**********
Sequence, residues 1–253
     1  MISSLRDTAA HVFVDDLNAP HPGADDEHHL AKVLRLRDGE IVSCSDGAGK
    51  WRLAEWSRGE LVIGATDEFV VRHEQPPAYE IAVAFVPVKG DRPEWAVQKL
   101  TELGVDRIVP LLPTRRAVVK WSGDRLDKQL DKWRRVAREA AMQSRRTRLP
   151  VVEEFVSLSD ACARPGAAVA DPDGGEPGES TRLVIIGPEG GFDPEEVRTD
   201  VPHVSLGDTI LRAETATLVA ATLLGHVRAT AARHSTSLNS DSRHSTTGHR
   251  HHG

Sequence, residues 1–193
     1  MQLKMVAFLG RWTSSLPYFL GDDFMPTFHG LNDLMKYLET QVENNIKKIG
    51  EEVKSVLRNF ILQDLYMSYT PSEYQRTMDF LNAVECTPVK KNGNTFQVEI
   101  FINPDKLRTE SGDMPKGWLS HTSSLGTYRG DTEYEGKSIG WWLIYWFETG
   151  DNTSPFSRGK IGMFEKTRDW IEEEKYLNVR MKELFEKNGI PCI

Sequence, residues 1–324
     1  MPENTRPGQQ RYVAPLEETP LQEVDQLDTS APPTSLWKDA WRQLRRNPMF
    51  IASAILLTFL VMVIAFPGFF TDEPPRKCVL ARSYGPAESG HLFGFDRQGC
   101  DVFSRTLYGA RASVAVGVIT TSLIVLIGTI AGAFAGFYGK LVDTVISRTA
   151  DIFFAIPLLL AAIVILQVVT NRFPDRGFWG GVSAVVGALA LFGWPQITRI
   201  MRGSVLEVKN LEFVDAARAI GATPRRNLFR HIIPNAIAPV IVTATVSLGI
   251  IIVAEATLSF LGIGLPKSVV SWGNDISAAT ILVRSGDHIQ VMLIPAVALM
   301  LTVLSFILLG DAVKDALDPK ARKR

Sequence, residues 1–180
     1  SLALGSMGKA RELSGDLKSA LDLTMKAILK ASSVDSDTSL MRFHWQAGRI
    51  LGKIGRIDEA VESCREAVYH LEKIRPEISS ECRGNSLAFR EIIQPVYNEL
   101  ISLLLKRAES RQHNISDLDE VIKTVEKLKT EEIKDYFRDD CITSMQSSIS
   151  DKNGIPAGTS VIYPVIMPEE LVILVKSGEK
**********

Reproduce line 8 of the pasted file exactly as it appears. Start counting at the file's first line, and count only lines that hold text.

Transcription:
Sequence, residues 1–193